A leathery/tobaccoy Syrah with tons of savory elements it’s a great introduction for those of you want to get a sense of a French cool-climate Syrah without breaking the bank. There’s a bit of vegetal aroma too but just in the background.  It’s also an approachable wine because of the lack of overt tannins which is something I’m beginning to notice is a common theme in wines from St. Joseph.  It also has a sweet floral aroma but what most impresses me is its beautifully balanced mid palate. There’s a lift of acidity but there’s also a smoothness to it that must have something to do with those light tannins.  This is a Syrah that is really hard to not drink all of, especially after a decant or a day left out on the counter.

faury L art zele

L’ ArtZelé is another delicious Syrah from Faury made from younger vines in the Côte-Rôtie appellation.  At around $30 it’s also a steal.

It has that same savory nose of tobacco and leather but tends more towards mushrooms and black pepper but with more minerality. The nose has aromas of strawberry too that transition to the midpalate, again this is a wine with good acidity but a lack of harsh tannins.  Wow, this is smooth and light but also serious. It has an elegance that the St. Joseph doesn’t.

I love these types of Syrah because of their savory aromas and smooth mouthfeel and I think I’m really developing an appreciation for Domaine Faury’s interpretation of Syrah.  These are wines that are probably most defined by something that I don’t sense on them and that is new oak.  The wines are aged in large neutral oak barrels that minimize the impact the wood has on the wine and that’s what keeps them so purely delicious.

Tasting the Northern Rhone with William Allen

I recently had the opportunity to taste some incredible wines with the help and charity of my friend William Allen.  William tweets and blogs under the moniker @sonomawilliam.  He’s been very supportive of my blog and was especially so on a recent afternoon when he invited me to his home to expand my palate for French Syrah and really dive deep into the Northern Rhone.

Image

The wines assembled

William had recently returned from a fact-finding trip to the Northern Rhone where he was able to taste producers who make wine in the style that he aspires to with his own Two Shepherds label;  that is, with little manipulation and either very little or no new oak.  He brought back cases of wine and was looking forward to tasting through some of his loot.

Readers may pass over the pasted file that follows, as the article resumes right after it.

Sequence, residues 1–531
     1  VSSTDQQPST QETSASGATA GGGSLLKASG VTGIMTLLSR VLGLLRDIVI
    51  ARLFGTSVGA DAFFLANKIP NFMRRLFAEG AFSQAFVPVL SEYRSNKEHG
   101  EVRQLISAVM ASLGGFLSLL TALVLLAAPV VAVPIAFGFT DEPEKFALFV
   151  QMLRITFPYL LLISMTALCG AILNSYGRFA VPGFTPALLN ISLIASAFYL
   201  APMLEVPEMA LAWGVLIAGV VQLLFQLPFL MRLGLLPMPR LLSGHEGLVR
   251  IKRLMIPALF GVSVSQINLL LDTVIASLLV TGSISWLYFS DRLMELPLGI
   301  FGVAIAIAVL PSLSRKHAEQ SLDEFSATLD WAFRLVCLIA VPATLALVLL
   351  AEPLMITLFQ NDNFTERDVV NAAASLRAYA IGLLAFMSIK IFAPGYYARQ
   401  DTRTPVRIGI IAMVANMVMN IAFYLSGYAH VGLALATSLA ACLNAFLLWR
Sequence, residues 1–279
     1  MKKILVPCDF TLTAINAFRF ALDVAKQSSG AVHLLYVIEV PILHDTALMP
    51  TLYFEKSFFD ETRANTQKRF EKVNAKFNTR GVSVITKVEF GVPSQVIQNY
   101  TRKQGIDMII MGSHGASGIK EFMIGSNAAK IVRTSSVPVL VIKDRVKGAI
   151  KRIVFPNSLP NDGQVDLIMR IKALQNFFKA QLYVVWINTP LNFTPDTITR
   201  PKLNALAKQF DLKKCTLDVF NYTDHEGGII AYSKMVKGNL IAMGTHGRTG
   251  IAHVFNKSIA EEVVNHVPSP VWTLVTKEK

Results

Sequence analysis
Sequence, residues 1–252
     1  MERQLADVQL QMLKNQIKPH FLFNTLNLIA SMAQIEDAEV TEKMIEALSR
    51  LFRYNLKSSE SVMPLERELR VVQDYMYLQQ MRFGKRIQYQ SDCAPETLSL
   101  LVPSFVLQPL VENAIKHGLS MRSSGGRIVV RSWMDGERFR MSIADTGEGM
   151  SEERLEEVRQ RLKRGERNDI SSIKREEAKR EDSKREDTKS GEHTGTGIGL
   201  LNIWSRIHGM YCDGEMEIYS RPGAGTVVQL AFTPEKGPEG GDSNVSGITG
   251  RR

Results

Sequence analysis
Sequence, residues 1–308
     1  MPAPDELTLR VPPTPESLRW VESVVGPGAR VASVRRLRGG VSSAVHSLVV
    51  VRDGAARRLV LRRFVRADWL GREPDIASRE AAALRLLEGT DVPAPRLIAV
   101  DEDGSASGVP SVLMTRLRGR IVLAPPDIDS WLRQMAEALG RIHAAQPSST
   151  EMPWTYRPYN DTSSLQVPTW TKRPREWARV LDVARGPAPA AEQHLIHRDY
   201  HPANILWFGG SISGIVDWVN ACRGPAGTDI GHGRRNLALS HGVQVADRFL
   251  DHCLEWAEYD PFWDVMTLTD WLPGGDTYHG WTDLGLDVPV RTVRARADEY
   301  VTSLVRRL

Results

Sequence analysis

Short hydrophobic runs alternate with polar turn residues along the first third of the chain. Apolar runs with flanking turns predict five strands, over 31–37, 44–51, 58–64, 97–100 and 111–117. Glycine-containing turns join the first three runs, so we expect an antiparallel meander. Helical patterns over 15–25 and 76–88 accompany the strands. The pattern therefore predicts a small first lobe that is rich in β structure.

William laid out a hefty sample of wines from the five major Syrah regions in the Northern Rhone: Crozes Hermitage, St. Joseph, Côte-Rôtie, Hermitage, and Cornas.  Our idea was to pit the regions against each other to see if we could come up with a clear winner.  In retrospect it was a pretty ridiculous task to attempt.  Even though we had a lot of wine in total, our sample sizes for each of the particular regions were probably too small and some of the wines within each region showed so differently that it was difficult to make any pronouncements.

We decided to start with St. Joseph.Our bottles were the 2010 Gangloff St. Joseph, the Faury 2010 St. Joseph, and the 2010 Cuilleron St. Joseph L’ Amarybelle.  As would be evident throughout the rest of the tasting, these wines were simply too different to make any across the board judgments about St. Jospeh as a whole.  The Gangloff was grossly over-oaked upon opening (and even after a quick decant) it reminded me of a California Cabernet (William said the wine tasted better later in the evening).  The Faury and the Cuilleron were beautiful wines.  The Cuilleron especially brought a fair amount of pepper, iron, insect, earth, and minerality, all with underlying aromas of violet, raspberry, and strawberry.  The Faury was also aromatically gorgeous, with aromas of cherry and cola, and structured but less tannic on the finish.  It was the most accessible of the St. Joseph wines but also markedly different than the rest.

We next tasted 2010 Gangloff and Faury Côte-Rôties.  Neither wine had any Viognier in them which is actually more common than people think.  Viognier is allowed but not always added in Côte-Rôtie.  Again, the Gangloff was an oak bomb with great acidity on the mid-palate and the finish, but hard to get any sense of the wine through all that oak.  The Faury was again a star, and even without the Viognier, it was a floral wine, elegant with bacon fat and some of that textbook Northern Rhone minerality.  The mid-palate had a fair amount of acidity and there was a tannic punch on the finish.  The Faury was an impressive wine but obviously we needed more wines here to really make any sweeping generalizations about the region.

We went on to Crozes Hermitage, an area of the Northern Rhone that is known to produce wines that vary greatly in quality.  The wines are usually a lower price point too.  We tasted a 2010 Chave Selection Crozes Hermitage that showed quite well with savory aromas and a little barnyard.  It had a core of acidity and a nice long finish.  We also tasted a Colombier Crozes Hermitage that unfortunately I forgot to write any notes on (yes I was spitting this entire tasting so I can only blame my own poor organizational skills).

For Hermitage we tasted one example, the 2007 Jean Luis Chave Selection Farconnet Hermitage.  This wine unfortunately was overly oaked in my opinion, and had some good dark fruit.  It was hard to parse out the aromas through the oak.  Hermitage is obviously a region I want to revisit (as were all these regions!!) especially if I can find some examples of producers who are more restrained with their oak treatment.